Benjamin Kapahnke has worked as a structur specialist on a wide variety of projects for ARTS within the Airbus sphere for over a decade. As he marks this milestone in his long employment history, we have taken the opportunity to present more information about him and his role as a structur expert, team member with responsibility for quality control, and master craftsman.
My working environment is as varied as that of my colleagues at ARTS. As a structural mechanic, I had been employed at ARTS for more than ten years. Before ARTS, I was a metalworker with the army aviators - the German Armed Forces awakened my passion for the industry in me and it continues to this day. At that time, aircraft components of the Airbus A380 were too thin - this caused structural problems during the test flight - a modification was necessary: The affected components had to be replaced with a new skin repair. In this case, the work process was quite a challenge, as the project work had to be carried out while the final assembly process was still in progress.
Following the overhaul and further test flights, additional project work was required: the structur team replaced seat rails that had been torn following the test flight and swapped out defective ventilation tubes, valves, and floor panels. The ARTS team in Toulouse also took on additional work, such as the fitting of waste and fresh water pipes and fitting floor plates, as these were no longer undertaken in Hamburg.
From that perspective, each aircraft is a unique project in its own right, and that means that the project work varies for us as well.
My project history stretches from France to Germany. In Stade, the research center for carbon fiber (CFRP) composites, the vertical stabilizers for the entire Airbus fleet are produced in automated steps. Here I was involved with other ARTS experts in various process steps on the 450 meter long, state-of-the-art production line for vertical stabilizers.
Since the vertical stabilizers are manufactured entirely from CFRP, structural experts in the field of CFRP technology are indispensable. I know structural work with the CFRP material not only from my training but also from repair work on the floor panels, some of which are made of CFRP, in Toulouse. The composite material achieves a high level of stiffness with a simultaneous low mass. For this reason, it behaves quite differently from metal during processing, so that CFRP experts like myself have to use special working and repair techniques to avoid damaging the lamination.
The A350 has many automated steps within the production process: Among other things, a semi-automatic drill unit (ADU) is used in Hamburg to drill special brackets, soon to be produced in 3D printing, to the desired position. No matter whether drilling for small or large holes, with the ADC they are almost perfect. The holders, which are the connecting element between the individual aircraft sections, were attached to the CFRP structure by me and my project team using a two-component adhesive. Only the composite material enables the holders to be bonded. One advantage of the adhesive is that the structure is not weakened and there is no corrosion. The brackets are essential for aircraft production because they offer the advantage that not countless people are working on one section, thus enabling faster production of the aircraft.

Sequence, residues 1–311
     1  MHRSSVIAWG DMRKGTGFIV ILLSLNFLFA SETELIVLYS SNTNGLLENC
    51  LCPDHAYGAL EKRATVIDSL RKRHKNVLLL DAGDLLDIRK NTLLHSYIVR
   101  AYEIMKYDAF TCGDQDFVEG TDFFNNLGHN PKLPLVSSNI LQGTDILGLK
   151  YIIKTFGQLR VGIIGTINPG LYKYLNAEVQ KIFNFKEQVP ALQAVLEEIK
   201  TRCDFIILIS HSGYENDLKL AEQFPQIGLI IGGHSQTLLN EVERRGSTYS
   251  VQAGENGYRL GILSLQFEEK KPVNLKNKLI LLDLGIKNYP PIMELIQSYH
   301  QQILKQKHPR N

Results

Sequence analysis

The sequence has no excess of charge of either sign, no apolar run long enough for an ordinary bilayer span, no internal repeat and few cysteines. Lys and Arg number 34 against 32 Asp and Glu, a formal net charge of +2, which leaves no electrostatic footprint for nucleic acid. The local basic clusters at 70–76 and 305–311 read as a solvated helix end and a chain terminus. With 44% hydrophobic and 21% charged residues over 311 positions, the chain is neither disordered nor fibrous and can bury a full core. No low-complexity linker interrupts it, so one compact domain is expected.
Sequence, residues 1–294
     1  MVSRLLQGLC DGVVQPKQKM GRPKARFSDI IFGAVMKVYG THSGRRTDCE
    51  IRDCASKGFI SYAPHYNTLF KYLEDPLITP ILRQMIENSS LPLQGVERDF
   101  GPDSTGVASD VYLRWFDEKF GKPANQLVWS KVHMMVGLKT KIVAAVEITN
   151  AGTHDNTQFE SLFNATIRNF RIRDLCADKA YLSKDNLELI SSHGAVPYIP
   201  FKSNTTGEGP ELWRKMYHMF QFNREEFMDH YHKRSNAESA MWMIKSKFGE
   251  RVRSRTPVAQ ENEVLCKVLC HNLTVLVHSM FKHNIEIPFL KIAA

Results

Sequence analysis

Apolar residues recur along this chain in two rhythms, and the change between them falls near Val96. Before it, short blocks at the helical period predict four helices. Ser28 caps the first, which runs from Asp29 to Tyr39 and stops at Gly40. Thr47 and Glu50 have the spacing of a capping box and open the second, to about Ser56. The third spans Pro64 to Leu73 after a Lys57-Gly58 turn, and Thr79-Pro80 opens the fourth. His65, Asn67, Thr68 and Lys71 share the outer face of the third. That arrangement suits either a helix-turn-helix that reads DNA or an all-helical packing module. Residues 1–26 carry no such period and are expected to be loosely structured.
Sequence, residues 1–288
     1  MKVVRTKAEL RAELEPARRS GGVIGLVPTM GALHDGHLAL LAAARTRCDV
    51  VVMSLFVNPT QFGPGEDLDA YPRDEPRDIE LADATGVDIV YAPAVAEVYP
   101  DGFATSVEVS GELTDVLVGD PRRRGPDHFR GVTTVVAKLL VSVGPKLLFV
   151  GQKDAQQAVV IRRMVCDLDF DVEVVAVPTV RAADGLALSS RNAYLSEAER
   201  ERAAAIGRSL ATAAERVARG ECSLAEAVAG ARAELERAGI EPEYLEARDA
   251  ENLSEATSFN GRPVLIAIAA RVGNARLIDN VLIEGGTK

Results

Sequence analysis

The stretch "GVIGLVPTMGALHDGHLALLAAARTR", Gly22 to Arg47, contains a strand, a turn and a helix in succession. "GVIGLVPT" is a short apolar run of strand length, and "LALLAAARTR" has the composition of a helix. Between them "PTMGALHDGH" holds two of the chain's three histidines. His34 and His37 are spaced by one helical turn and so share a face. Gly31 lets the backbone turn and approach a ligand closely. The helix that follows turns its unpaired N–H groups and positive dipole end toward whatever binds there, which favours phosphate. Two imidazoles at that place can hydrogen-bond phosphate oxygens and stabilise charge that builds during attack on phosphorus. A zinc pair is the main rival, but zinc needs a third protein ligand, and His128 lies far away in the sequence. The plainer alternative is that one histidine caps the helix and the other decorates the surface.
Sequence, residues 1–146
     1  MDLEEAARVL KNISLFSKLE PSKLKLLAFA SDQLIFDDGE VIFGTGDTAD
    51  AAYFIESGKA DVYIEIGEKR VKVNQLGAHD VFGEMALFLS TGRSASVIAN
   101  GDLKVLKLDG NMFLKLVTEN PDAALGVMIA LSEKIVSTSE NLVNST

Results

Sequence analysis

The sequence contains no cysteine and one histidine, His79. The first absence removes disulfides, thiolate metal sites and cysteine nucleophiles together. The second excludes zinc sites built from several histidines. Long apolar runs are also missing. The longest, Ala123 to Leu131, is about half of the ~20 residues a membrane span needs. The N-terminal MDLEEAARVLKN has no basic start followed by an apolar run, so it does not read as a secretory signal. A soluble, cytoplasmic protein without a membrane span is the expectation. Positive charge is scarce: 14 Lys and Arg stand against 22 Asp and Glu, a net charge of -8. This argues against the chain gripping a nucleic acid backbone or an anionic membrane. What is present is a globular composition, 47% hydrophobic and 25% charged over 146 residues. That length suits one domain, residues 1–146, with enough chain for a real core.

I also coordinated the work in the project team - all project orders were entered by me into the SAP system "Shop-Floor Interface". This is a key process step in checking whether all guidelines are being adhered to. Complaints are also logged precisely in the SAP system. In order to ensure the standards of the service provided, such as the attachment of the holders, I also checked the drill holes with the help of a limit gauge as a self-inspector.
Routine was rare in my team, because the project work on the A350 is very varied. The fact that the shells of the Airbus A350 are baked means that there are always tolerances.
For me, the special thing about project work is the cooperation with colleagues. Each colleague is responsible for his or her own work package, but all employees have the common goal in mind - to have the aircraft ready on time. Teamwork enables the employees to access the knowledge of the other colleagues in case of questions and problems and to complete the work order in time.
For me as a structural mechanic, the exact, precisely described project procedure and the fact that in the end everything is put in order is what makes aerospace so appealing. At Airbus - but also at ARTS - lean management is a top priority. Working materials are in their designated place and everyone knows where the tool and material they are looking for is located. Waste is thus prevented and the work process is made easier.
Experts like Benjamin Kapahnke are engaged by ARTS all over the world, working on projects for leading MRO businesses, airlines, suppliers and manufacturers such as Airbus. Individually created project teams provide support to structur assembly operations as well as mechanical and electrical fitting and installations and repairs. In the fields of avionics, systems and airframe assembly and MRO, they undertake Service Bulletin Installations, such as the door modification to the Airbus A380 or aircraft upgrade projects, such as exchanging the seat rails on the A330 and A380.